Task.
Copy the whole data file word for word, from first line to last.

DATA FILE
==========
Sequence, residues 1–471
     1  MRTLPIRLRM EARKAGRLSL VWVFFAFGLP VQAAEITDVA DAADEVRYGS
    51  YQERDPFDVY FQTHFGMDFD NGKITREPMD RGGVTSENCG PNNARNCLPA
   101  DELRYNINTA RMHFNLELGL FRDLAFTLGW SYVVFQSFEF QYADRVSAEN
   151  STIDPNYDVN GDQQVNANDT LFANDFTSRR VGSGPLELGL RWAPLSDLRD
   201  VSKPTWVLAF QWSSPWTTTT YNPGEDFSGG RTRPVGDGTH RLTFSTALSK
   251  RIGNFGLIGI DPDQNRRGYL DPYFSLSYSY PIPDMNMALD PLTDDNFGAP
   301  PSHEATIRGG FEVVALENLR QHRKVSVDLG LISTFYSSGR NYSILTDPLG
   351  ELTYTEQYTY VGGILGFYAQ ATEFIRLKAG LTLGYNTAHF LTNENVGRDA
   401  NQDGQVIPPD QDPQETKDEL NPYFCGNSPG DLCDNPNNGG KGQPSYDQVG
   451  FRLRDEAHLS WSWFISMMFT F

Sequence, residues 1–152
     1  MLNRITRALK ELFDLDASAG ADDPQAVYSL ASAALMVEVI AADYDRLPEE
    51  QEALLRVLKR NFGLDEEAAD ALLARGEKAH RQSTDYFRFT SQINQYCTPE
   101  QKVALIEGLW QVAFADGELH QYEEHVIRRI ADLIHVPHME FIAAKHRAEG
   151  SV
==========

Sequence, residues 1–471
     1  MRTLPIRLRM EARKAGRLSL VWVFFAFGLP VQAAEITDVA DAADEVRYGS
    51  YQERDPFDVY FQTHFGMDFD NGKITREPMD RGGVTSENCG PNNARNCLPA
   101  DELRYNINTA RMHFNLELGL FRDLAFTLGW SYVVFQSFEF QYADRVSAEN
   151  STIDPNYDVN GDQQVNANDT LFANDFTSRR VGSGPLELGL RWAPLSDLRD
   201  VSKPTWVLAF QWSSPWTTTT YNPGEDFSGG RTRPVGDGTH RLTFSTALSK
   251  RIGNFGLIGI DPDQNRRGYL DPYFSLSYSY PIPDMNMALD PLTDDNFGAP
   301  PSHEATIRGG FEVVALENLR QHRKVSVDLG LISTFYSSGR NYSILTDPLG
   351  ELTYTEQYTY VGGILGFYAQ ATEFIRLKAG LTLGYNTAHF LTNENVGRDA
   401  NQDGQVIPPD QDPQETKDEL NPYFCGNSPG DLCDNPNNGG KGQPSYDQVG
   451  FRLRDEAHLS WSWFISMMFT F

Sequence, residues 1–152
     1  MLNRITRALK ELFDLDASAG ADDPQAVYSL ASAALMVEVI AADYDRLPEE
    51  QEALLRVLKR NFGLDEEAAD ALLARGEKAH RQSTDYFRFT SQINQYCTPE
   101  QKVALIEGLW QVAFADGELH QYEEHVIRRI ADLIHVPHME FIAAKHRAEG
   151  SV